Stephanie Wright PhD

Assistant Professor

Faculty, Civil Engineering
Phone: 613-533-6000 ext. 78310
Fax: 613-533-2128
Ellis Hall, Room: 230A

Expertise: Cryo-hydrogeology and permafrost thaw, Fractured rock hydrogeology, Climate change impacts on groundwater resources in cold regions, Field-based investigation of groundwater flow and transport, Safe and sustainable drinking water supplies
Stephanie Wright
Biography Research Publications Open Positions

I am a new faculty member in the Department of Civil Engineering with a background in environmental and geological engineering. My expertise is in fractured rock hydrogeology, cryo-hydrogeology, and environmental/isotope tracers. The goal of my research is to support safe and sustainable groundwater resources in cold regions under climate change through field-based investigations combined with robust statistical and numerical analyses. My work aims to improve the ability of governments, industry, and First Nations to effectively respond to a rapidly warming climate. I am also an Associate Editor for Hydrogeology Journal and have been on the board of a non-profit organization focused on watershed conservation and outreach since 2017.

I was previously an NSERC Postdoctoral Fellow at Wilfrid Laurier University (2021 – 2022) where I studied the impacts of permafrost thaw on groundwater and surface water integration at the Scotty Creek Research Station. I completed my PhD in Civil Engineering (2016 – 2021) and BASc in Geological Engineering (2012 – 2016) at Queen’s University, Canada.

The Problem

Rising temperatures from climate change are severely impacting the global cryosphere with direct implications for vital groundwater resources. In seasonally frozen environments, changing winter conditions affect sensitive groundwater resources that are recharged by winter precipitation. In the Circumpolar North, rapid warming is leading to unprecedented permafrost thaw, which is impacting freshwater quality and quantity, damaging critical infrastructure, increasing greenhouse gas emissions, and negatively impacting northern livelihoods. These issues will likely intensify over the coming decades, highlighting the urgent need to understand the processes and trajectory of hydrologic change driven by climate change and permafrost thaw.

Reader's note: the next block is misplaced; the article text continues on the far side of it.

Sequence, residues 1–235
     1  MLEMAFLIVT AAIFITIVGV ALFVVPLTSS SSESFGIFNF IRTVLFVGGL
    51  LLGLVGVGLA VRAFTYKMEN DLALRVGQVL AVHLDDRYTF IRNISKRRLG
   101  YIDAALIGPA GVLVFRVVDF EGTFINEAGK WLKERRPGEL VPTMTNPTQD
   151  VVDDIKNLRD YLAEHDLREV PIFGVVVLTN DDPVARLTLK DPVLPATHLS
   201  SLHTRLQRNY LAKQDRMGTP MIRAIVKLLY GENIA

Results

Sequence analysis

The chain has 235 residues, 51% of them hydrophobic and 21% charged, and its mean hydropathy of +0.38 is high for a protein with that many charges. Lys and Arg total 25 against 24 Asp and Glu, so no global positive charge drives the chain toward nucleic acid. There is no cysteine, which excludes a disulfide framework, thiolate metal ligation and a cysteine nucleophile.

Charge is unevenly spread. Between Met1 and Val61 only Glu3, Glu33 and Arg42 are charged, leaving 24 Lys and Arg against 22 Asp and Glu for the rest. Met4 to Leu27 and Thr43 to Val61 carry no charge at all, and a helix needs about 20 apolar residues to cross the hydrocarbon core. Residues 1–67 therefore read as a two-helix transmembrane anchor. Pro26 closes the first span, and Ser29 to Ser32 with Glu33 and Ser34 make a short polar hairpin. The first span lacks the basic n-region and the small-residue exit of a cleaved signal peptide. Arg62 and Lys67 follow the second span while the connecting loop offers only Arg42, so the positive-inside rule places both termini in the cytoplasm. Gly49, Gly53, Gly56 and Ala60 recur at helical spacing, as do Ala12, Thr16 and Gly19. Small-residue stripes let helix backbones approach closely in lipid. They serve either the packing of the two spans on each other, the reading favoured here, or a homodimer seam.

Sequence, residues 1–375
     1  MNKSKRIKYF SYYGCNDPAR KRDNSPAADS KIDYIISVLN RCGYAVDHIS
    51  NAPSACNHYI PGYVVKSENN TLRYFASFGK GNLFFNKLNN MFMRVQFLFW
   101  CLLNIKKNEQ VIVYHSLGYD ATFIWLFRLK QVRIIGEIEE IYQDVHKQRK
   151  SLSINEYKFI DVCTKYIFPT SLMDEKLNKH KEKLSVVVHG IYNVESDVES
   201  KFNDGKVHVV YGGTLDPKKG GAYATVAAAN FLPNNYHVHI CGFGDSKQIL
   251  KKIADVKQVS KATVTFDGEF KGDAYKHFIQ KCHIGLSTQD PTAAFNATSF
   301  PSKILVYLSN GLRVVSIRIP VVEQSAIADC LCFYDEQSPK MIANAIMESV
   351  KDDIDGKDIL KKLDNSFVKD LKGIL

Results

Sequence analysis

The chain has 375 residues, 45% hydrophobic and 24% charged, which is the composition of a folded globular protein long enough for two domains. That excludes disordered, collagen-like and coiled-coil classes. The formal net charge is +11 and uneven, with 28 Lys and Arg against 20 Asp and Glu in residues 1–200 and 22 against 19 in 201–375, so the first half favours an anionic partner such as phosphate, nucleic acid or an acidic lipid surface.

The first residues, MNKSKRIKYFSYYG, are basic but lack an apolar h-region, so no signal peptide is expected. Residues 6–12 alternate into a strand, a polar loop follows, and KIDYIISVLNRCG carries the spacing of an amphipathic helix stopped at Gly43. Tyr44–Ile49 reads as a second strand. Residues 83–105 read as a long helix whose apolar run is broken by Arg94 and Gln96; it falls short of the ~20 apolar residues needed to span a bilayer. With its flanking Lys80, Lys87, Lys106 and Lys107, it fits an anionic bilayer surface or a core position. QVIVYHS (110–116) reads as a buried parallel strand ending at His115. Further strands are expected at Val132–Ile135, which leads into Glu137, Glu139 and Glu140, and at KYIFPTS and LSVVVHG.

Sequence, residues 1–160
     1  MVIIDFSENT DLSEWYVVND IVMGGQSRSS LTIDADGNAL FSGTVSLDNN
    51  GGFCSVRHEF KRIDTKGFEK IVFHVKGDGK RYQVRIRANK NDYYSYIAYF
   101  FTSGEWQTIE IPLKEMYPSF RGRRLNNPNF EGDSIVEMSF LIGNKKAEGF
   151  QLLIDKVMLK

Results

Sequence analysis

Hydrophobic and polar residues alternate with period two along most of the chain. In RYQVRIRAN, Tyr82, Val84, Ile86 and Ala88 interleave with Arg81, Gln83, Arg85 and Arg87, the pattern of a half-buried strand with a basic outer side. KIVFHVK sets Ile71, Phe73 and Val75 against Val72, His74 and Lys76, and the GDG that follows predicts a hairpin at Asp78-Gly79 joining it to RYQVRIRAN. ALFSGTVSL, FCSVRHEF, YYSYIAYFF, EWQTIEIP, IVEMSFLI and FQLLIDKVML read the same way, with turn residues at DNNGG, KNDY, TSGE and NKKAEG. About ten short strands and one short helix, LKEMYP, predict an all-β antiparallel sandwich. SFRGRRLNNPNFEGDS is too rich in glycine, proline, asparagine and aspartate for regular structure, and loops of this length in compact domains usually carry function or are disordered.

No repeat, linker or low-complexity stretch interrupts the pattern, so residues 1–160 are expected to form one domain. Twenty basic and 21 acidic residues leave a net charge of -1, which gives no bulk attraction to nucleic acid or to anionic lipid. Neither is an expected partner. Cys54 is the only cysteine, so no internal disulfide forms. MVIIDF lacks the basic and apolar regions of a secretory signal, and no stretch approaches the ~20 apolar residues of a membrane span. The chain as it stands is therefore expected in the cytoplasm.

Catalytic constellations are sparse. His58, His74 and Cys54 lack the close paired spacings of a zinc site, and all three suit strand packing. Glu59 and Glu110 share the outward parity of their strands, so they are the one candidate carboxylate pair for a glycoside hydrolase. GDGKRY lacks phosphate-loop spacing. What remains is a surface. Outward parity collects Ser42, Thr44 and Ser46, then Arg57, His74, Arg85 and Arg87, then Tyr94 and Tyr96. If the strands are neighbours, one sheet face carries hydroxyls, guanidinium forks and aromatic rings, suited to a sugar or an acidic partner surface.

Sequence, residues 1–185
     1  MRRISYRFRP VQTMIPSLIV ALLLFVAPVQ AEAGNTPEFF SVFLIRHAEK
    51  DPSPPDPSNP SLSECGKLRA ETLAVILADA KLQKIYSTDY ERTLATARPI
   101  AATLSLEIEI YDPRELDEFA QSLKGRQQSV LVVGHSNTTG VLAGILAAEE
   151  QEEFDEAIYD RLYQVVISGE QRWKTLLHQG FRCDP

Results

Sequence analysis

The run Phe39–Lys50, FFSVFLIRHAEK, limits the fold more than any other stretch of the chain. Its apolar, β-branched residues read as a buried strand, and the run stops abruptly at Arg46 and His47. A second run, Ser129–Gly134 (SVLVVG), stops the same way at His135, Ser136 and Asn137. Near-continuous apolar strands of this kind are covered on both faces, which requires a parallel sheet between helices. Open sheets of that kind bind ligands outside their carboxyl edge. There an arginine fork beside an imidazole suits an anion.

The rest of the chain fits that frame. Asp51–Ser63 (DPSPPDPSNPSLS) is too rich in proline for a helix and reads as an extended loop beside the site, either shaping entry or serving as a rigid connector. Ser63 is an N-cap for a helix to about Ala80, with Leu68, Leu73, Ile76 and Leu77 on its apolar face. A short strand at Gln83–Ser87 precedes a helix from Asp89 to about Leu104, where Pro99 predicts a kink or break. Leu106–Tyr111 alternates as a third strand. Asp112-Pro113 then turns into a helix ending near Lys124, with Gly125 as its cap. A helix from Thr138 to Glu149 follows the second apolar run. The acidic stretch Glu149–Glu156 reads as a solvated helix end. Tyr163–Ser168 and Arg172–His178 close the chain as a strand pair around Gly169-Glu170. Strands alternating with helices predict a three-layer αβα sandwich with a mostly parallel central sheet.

Our Research

The goal of our research is to support safe and sustainable groundwater resources in cold regions under climate change. We conduct process-based field and numerical modelling investigations to understand the impacts of climate change and permafrost thaw on groundwater resources. This work aims to improve predictions of hydrologic change under future climate scenarios and build the capacity of governments, First Nations, and industry to effectively mitigate and adapt to the consequences of a warming world. We take an integrated approach by investigating dynamically coupled systems and incorporate community concerns and Traditional Knowledge into the planning, collection, and interpretation of results. Our research spans cold regions across Canada from seasonally frozen bedrock aquifers in southern Canada, to the permafrost beneath peatlands, tundra, and fractured rock of the Canadian Arctic and sub-Arctic. Some examples of areas we research are highlighted below.  



  1. Bedrock aquifer resources under warmer winters
  2. Thaw-driven impacts to groundwater quantity and quality
  3. Groundwater-permafrost interactions in the built environment
  4. Advances in fractured rock cryo-hydrogeology


Our Field Sites

Kennedy Field Station

Nearest Community: Tamworth, Ontario
Access: Road
Thermal State: Seasonally Frozen

Ongoing Research:

  • Fractured rock hydrogeology field experiments